“Best drink of the day,” he said and rubbed his hands together. “Now let’s see what the incompetents have been up to.” He read the front page of the paper then turned the front page to his son. “What the bloody hell is he doing in New York?”
“And let’s not ask why he’s sweaty.”
“It won’t be because he’s been working hard.”
The old man took the newspaper into the sitting room. Richard saw him lower himself into and armchair and heard him groan as he began to read.
Richard was washing up when Mary returned.
“You don’t need to wash up Richard.”
The old man looked over his newspaper. “How’s Joan?”
“She’s all right. Just a little … you know.”
The old man got back to reading the paper and Richard emerged from the kitchen drying his hands.
“I’m not sure where you put your mugs and stuff,” he said.
“I’ll take care of that,” said Mary.
“I’m going to go for a stroll,” said Richard. “Breath of air first thing in the morning. Good for you.”
“Take him with you,” said Mary. “Do him good.”
“Nay,” said the old man. “I’ll never keep up with him.”
“Time was though,” said Mary. “Time was.” She rested her hand on the old man’s shoulder.
Mary was pouring milk into two mugs when Richard returned. “I’ve just mashed a pot of tea,” she said. “There might be enough for three.”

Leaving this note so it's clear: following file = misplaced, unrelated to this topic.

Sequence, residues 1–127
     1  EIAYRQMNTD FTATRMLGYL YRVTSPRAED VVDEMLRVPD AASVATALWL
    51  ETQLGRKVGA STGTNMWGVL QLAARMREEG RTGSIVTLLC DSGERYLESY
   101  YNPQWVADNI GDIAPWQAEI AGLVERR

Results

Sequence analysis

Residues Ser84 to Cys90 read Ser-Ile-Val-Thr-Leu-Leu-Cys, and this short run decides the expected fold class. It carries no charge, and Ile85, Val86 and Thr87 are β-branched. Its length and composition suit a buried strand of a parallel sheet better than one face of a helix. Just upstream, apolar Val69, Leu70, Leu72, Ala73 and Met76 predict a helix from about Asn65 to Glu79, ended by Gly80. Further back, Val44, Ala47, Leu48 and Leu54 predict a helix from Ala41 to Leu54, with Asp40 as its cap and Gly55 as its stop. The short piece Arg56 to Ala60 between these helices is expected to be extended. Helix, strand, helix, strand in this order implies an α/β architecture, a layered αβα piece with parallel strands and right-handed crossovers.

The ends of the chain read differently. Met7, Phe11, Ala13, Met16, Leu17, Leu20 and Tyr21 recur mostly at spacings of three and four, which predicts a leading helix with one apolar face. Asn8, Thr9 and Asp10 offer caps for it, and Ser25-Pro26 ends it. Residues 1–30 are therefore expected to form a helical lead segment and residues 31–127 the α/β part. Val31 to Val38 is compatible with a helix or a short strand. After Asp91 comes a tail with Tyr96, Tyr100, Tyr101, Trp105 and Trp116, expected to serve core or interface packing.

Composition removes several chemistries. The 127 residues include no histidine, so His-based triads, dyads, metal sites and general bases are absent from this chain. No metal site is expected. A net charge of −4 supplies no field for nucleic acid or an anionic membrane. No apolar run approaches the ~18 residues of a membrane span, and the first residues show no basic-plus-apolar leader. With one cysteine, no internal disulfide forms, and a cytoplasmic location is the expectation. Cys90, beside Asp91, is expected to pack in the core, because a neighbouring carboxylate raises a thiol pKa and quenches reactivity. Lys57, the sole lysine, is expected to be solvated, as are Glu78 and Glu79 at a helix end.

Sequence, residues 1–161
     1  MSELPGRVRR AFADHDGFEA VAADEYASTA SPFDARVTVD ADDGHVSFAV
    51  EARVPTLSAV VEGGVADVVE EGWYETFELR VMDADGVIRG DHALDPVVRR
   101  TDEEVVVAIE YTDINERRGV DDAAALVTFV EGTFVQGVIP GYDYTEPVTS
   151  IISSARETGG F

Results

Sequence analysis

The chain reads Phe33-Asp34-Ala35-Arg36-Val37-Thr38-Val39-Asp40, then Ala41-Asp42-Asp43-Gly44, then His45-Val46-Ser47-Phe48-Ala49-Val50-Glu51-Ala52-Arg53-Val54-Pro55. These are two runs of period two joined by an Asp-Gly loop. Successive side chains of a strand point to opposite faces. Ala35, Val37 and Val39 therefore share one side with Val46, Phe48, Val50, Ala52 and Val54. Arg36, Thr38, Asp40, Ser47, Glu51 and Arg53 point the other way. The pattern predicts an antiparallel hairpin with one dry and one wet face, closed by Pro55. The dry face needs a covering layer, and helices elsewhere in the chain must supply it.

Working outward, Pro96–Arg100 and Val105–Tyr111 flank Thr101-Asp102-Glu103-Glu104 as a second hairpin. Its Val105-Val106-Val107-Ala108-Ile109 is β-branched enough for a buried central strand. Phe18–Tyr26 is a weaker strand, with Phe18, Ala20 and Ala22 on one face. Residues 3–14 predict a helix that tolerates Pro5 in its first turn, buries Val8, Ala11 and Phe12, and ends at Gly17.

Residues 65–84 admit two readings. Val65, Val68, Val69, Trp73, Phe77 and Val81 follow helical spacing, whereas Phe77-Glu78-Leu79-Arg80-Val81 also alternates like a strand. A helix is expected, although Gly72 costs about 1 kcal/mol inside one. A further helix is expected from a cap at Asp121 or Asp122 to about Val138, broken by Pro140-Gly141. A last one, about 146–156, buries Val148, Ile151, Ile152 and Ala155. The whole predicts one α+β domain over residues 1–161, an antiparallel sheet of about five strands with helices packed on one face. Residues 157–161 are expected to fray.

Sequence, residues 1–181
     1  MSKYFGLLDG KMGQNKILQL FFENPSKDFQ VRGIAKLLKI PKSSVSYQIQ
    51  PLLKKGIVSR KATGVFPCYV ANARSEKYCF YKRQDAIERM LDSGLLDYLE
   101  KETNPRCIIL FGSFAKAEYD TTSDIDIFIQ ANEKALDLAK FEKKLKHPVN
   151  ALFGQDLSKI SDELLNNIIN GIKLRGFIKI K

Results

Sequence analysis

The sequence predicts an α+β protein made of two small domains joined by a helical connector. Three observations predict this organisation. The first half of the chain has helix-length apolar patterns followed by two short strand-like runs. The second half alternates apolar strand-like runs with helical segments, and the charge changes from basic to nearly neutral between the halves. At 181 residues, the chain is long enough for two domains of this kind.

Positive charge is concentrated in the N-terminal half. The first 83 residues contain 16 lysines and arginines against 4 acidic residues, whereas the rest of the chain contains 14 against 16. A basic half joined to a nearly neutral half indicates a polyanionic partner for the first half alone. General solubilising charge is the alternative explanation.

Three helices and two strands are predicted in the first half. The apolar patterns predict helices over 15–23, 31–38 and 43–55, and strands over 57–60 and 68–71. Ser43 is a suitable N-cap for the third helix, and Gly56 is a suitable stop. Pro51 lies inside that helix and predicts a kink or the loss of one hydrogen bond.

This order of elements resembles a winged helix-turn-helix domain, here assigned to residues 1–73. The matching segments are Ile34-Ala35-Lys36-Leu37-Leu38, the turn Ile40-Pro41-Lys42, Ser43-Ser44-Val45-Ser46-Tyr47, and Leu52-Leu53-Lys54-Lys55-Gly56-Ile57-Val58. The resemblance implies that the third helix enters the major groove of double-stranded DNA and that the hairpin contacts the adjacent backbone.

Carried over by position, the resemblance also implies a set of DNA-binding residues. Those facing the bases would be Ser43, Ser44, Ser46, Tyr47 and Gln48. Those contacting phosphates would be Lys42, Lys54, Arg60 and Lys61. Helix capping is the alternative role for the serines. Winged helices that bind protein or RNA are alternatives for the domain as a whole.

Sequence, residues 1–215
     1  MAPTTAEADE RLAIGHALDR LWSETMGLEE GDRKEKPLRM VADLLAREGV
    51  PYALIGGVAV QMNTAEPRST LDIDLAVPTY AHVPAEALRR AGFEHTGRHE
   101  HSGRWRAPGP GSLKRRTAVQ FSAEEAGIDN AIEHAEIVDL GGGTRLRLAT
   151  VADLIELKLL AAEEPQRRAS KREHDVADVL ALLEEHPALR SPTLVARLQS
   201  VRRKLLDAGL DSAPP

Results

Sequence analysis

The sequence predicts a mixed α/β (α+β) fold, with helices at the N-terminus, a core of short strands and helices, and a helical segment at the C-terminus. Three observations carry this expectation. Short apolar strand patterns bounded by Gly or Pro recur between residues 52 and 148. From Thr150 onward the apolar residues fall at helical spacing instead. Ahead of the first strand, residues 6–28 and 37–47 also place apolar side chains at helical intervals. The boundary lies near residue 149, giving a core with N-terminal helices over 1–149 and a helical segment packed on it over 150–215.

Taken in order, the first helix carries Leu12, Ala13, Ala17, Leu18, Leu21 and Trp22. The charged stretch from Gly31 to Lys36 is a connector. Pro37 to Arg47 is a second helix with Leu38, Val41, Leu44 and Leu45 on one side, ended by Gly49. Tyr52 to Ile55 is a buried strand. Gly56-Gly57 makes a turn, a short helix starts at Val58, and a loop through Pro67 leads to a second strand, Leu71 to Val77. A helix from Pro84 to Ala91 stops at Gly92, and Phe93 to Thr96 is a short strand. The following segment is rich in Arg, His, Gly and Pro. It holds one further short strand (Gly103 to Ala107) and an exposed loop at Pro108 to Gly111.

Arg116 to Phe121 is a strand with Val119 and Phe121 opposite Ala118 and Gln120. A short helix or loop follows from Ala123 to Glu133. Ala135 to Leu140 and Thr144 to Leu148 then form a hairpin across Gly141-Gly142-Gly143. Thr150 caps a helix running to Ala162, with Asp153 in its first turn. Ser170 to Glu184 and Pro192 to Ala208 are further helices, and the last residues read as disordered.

“That would be very nice but have yours first,” he said. “Don’t worry if there’s not enough.”
The old woman brought a tray with three mugs of tea.
“I thought you were getting a table out,” she said. The old man looked at her over his paper. “You’ve dozed off haven’t you?”
“I might have been resting my eyes.”
Richard pulled the smallest from the nest of tables and opened the legs out. He placed it on the floor near Mary. Then he took another table and stood it by the first table. He sat next to the old man on the two seat settee.
“Which is mine?” The old man folded his paper and stuffed it under his leg.
“Doesn’t matter,” said Mary. “They’re all the same.”
“There’ll be too much milk for him then.”
“How do you mean?”
“He doesn’t like milk any more.”
“Don’t you, love?”
“It’s OK Mary. That looks fine.”
The old man shook his head and lifted the mug to his mouth. He blew on the surface of the drink and took a tentative taste. He put the mug down quickly and began to wave his fingers over his lips.
“That’s bloody hot,” he said.
“I told you,” Mary shook her head and frowned. “He’s so impatient.”
The old man nudged Richard. “Hey,” he said.
Richard looked at the old man who lifted his eyebrows and smiled. He rubbed his hands together then adjusted his glasses and smacked his lips.
“Do you fancy a chocolate biscuit?”
Mary had picked up her needlework and was sewing, her tongue poked between her lips. She drew the needle through the cloth and pulled the yarn to make a stitch.
“They’re in the fridge, Richard.” She leaned over to the old man and tapped him on the knee. “And you’re only allowed one.”
Richard opened the fridge and saw a four pint container of blue top milk, two cartons of fruit juice and a dozen eggs. There were also two tins of salmon, tins of baked beans and a punnet of tomatoes. He tutted and shook his head. “Why would you keep tins in the fridge?” he thought. There were several tupperware boxes stacked on the shelves. He could make out the label on a packet of chocolate digestives through one container and lifted it off the shelf. Behind it was another similar box containing more chocolate biscuits. Richard shook his head, closed the fridge door and returned to the sitting room.